Panopto, a video learning platform.
Panopto is a platform to create and share accessible video. Accessible because it auto-generates closed captions and transcripts, and students can search for keywords to quickly jump to the relevant chapter. Teachers can create interactive in-video quizzes, reinforcing the learning, and there is an analytics dashboard to provide insights on student engagement.
Lecture theatre recordings will automatically be added to the Panopto Video menu in Canvas instead of the Recordings menu.
Panopto supports these learning types (see definitions):
Access Panopto through Canvas
Panopto appears in the Canvas course navigation and opens within Canvas.
If you would like more screen ‘real estate’ when working with videos, open Panopto in a new browser tab.
From Canvas, go to the Panopto Video page.
Click the Open in Panopto button at the top-right.
From the University of Auckland
Panopto self-support guides
(Recordings from Semester One workshops are available via the heading Q&A and Training on the homepage. Workshops will recommence in Semester Two)
Integrate Zoom with Panopto
(for automatically uploading Zoom recordings)
Use Panopto for assessments
From the developers of Panopto
Why another video platform?
Teachers currently use a variety of tools to record and edit video, however the goal is to provide a standard platform for staff to easily create and share videos with the class. Recording, trimming and sharing videos are all managed within Panopto and ease of use and accessibility features are taken care of automatically. And integration with Zoom means that recordings can be be automatically uploaded to Panopto.
Panopto has replaced the University’s current lecture theatre recording system (including Mediastore), which doesn’t have the accessibility features that our students require. It therefore helps to fulfil one of the priorities of Taumata Teitei—providing an equitable student experience.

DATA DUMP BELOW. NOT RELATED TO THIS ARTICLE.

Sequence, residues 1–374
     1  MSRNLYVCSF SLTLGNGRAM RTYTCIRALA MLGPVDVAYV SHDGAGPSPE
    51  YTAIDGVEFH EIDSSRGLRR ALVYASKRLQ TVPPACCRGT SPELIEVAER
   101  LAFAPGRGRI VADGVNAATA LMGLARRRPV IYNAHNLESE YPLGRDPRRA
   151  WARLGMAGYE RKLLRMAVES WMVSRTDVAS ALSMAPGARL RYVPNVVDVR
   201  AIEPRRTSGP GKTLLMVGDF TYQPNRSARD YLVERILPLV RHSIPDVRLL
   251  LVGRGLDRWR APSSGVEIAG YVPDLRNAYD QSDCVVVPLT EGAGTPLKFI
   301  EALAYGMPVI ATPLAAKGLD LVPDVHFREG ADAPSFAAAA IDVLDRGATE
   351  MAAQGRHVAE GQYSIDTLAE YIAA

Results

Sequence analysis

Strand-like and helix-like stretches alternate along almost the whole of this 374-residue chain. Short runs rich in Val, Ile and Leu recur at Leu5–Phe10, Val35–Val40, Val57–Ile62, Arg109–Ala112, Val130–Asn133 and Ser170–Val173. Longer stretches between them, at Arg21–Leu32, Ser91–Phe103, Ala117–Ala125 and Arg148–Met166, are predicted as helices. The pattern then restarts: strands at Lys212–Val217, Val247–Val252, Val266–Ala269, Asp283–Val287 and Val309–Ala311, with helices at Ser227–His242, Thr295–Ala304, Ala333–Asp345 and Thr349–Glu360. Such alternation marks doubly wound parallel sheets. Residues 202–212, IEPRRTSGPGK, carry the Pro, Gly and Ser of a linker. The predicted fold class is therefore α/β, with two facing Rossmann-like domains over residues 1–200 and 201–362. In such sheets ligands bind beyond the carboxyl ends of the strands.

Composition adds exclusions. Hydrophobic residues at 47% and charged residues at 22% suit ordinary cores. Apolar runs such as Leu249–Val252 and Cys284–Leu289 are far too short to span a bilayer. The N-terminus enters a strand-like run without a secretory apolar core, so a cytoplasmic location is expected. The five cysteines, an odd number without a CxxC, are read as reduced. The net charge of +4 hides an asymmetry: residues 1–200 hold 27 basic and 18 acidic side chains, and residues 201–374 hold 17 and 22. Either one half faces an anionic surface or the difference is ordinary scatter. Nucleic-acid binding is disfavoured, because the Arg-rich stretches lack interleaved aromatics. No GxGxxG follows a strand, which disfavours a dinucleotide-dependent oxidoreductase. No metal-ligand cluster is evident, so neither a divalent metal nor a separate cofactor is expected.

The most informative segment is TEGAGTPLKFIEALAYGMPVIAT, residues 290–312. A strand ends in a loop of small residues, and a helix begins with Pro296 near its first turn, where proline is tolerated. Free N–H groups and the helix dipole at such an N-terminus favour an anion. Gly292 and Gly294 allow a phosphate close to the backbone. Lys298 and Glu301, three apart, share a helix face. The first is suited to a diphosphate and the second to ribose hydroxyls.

Should I download the desktop app?
Recordings can be made using Panopto either within the browser, or via the desktop app. To help you decide, here are the differences we noticed.
- You can only record the entire screen so be careful to display only what you want to record. Note: having a second screen will make things easier.
- Live webcasting for up to 5000 viewers (with approximately a 40 second delay).
Standard disclaimer for captioning errors produced by Panopto’s auto-captioning feature. We suggest that you add the disclaimer to your Canvas course syllabus page.
We are welcoming feedback from staff. If you have any suggestions, questions or concerns, please email: firstname.lastname@example.org
Research shows that closed captions help all students to learn, not just ESL students or those with hearing impairments or auditory processing difficulties.
Dallas, B. K., McCarthy, A. M., Long, G. (2016). Examining the educational benefits of and attitudes toward closed captioning among undergraduate students. Journal of the Scholarship of Teaching and Learning, 16(2), 56-65.
Gernsbacher, M. A. (2015). Video captions benefit everyone. Improving Society, 2(1), 195-202.
Morris, K. K., Casey F., Lyman D. III, Nicole, S., Nicole E.T., David B. (2016). Closed captioning matters: Examining the value of closed captions for “all” students. Journal of Postsecondary Education and Disability, 29(3), 231-238.
Whitney, M., & Dallas, B. (2019). Captioning online course videos: An investigation into knowledge retention and student perception. In SIGCSE ’19: Proceedings of the 50th ACM Technical Symposium on Computer Science Education, February 2019 (pp 511–517). https://doi.org/10.1145/3287324.3287347
Page updated 01/03/2022 (added browser/app comparison)